The COVID-19 pandemic is battering every sector of the U.S. economy. While all are suffering, small businesses may be among the harder hit. A new survey from MetLife and the U.S. Chamber of Commerce small business index showed that 43% of small businesses believe they have less than six months before they will have to close permanently.
Nearly a quarter (24%) of small businesses already have shut down temporarily and another 40% say they will have to shut down temporarily within the next two weeks. Almost half (46%) think it will take the U.S. economy six months to one year to return to normal. The survey research was conducted by Ipsos between March 25 and 28, 2020.
There are more than 30 million small businesses (those with fewer than 500 employees) in the United States, and nearly 59 million people who are employed by small businesses.
U.S. Chamber of Commerce Vice President Tom Sullivan said:
Small businesses have taken an enormous hit from the disruption caused by the coronavirus outbreak and we don’t want small businesses to fail because they aren’t aware of what’s being offered. The Chamber has created numerous step-by-step guides to quickly help small businesses access the financial aid they need and better understand the relief available through the CARES Act.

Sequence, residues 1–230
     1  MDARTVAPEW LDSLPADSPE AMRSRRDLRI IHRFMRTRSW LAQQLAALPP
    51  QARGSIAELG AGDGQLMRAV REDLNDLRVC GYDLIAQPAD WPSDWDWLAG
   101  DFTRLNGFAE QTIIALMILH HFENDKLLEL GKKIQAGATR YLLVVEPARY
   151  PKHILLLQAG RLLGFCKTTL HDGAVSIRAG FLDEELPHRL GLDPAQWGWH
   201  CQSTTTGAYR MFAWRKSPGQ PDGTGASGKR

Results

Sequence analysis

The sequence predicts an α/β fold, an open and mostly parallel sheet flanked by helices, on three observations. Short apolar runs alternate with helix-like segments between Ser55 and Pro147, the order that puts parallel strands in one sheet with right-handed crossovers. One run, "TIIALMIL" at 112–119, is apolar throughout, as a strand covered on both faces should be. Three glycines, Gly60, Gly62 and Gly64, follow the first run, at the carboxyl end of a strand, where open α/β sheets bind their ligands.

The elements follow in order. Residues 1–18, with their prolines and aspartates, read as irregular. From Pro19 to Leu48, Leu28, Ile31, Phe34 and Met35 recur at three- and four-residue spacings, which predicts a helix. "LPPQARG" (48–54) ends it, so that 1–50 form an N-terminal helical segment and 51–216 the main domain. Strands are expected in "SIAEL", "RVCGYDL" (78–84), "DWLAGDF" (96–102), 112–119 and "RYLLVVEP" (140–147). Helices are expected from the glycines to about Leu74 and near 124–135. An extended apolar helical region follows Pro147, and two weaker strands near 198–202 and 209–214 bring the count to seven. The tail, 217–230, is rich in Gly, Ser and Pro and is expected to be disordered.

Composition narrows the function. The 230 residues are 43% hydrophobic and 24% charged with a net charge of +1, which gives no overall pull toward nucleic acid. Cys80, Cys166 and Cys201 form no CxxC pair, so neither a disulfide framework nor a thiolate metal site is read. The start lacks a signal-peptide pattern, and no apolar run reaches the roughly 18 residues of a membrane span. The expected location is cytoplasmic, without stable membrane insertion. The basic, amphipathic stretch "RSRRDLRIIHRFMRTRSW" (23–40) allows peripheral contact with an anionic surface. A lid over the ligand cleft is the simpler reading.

More than half (56%) of small business owners indicated that direct cash payments are the most helpful kind of relief from the effects of the shutdown. Small Business Association (SBA) disaster loans were named by 30% of respondents as being most helpful, and 21% said that temporary cancellation of business payroll taxes was most helpful.
Since the end of December, small business owners’ sentiment on the national economy has dropped from 60% to 25% and from 52% to 32% on their local economies. More than half (54%) rate the overall U.S. economy as “poor.”
By industrial sectors, manufacturing (53%) and retail (54%) small businesses are significantly more optimistic about improved revenues next year than the service (48%) and professional service (46%) sectors.
A previous survey indicated that 30% of small businesses expected to hire more staff this year. That has now dropped to 23%. Only 5% of businesses with fewer than five employees plan to hire any more workers this year.
Of the more than 30 million U.S. small businesses, about 5.3 million employ between one and four people, and more than 24 million have no paid employees.
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